We’ve all had it happen – maybe countless times in one novel. No matter how many books you’ve written or how much you plan, sometimes a scene just won’t work. Maybe you can’t start it, maybe you can’t finish it or maybe you’re stuck slam-bang in the middle. So what do you do when it happens? Grab more coffee? Procrastinate? Cry with despair? Rely on good, old-fashioned denial?
There’s no miracle cure and this is not an exhaustive list, but here are a few questions that might be helpful to ask yourself when faced with that dead-end scene:
Have you chosen the right point of view?
As a writer, on some level we instinctively know which character viewpoint we are writing from. Sometimes we get it wrong. If you do find yourself flaying, switch the POV and see what happens. It might open up a whole new thread you didn’t expect. At the very worst, it could even deepen your understanding of your character on some level.
Have you selected the best possible setting?
Maybe you’ve placed your character/s in the wrong place. External stimuli can play a very effective role both in building a solid scene as well as bringing out the best or worst in your characters. It can help create focus, mood, tension, or even present an important viewpoint or response that is going to reveal something deep and meaningful about your characters. The setting should always reflect or generate an incident that is integral to the plot. If it doesn’t, it might be worth questioning its purpose.
Do you actually have something to say?
That’s the fundamental question for every scene in a book: What’s the point? Every scene should say or reveal something. Have nothing to say and the dead-end is fairly inevitable. If a scene doesn’t reveal character (or anything new at least) and/or it doesn’t move the plot forward, why have it? You may as well have your characters twiddling their thumbs, commenting on the weather or asking each other what they’d like for dinner for all the difference it will make as far as story progression goes. Be relevant. Be revealing. And always be reaching to tell your reader something.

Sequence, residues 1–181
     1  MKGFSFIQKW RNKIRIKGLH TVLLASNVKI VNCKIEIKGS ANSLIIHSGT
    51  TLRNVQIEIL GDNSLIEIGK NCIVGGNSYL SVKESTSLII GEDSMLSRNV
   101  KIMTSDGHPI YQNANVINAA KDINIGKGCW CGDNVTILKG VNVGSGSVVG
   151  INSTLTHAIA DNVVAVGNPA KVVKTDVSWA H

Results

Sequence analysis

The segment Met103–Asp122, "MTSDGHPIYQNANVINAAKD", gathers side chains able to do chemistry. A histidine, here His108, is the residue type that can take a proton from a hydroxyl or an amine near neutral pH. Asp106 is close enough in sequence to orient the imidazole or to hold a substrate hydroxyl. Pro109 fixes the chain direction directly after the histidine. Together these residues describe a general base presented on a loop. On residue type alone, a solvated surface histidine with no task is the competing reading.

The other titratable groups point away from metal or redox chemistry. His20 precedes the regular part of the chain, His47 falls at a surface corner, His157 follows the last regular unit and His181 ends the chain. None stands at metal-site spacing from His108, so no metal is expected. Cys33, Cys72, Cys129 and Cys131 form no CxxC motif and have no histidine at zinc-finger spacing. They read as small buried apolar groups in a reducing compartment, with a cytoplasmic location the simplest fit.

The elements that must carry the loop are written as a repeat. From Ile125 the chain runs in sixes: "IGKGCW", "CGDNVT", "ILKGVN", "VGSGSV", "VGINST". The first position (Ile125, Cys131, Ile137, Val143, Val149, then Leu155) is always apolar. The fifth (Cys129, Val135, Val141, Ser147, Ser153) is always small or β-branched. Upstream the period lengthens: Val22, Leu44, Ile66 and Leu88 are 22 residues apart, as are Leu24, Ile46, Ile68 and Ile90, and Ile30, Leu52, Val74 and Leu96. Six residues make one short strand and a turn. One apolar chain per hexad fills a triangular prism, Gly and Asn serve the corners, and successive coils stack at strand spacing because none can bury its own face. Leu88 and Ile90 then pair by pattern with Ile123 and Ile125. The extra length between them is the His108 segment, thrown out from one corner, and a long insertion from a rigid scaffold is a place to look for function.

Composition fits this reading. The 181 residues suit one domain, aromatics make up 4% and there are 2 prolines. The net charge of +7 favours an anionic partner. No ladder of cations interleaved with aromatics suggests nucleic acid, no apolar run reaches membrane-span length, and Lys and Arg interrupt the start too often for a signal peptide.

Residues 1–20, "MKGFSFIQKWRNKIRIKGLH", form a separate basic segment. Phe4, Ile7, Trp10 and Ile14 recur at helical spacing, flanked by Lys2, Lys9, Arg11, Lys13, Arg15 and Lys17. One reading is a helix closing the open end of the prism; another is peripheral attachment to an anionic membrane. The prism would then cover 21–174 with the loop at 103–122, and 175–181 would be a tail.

Do you need a break from it?
Maybe walking away is the best solution. Take a break and come back to it – an hour, a few days, or even weeks later. Don’t dwell on it, move on – write more scenes. Hopefully you have at least a vague idea of how the story is progressing, so work on a scene that appears further along. No one says a book has to be written sequentially. But if you’ve done that and it still doesn’t work…
How about scraping it altogether?
Okay, so very few writers actually enjoy scraping scenes. But if it doesn’t work, no matter what you do, it’s definitely time to move on. Don’t delete it! It’s still worth holding on to them in a separate folder somewhere, at least until your novel is complete. But don’t dwell on something that just isn’t sparking – you have an entire novel to write!
If you’ve got your own coping mechanisms and suggestions for those dead-end scenes, I’d love you to share them.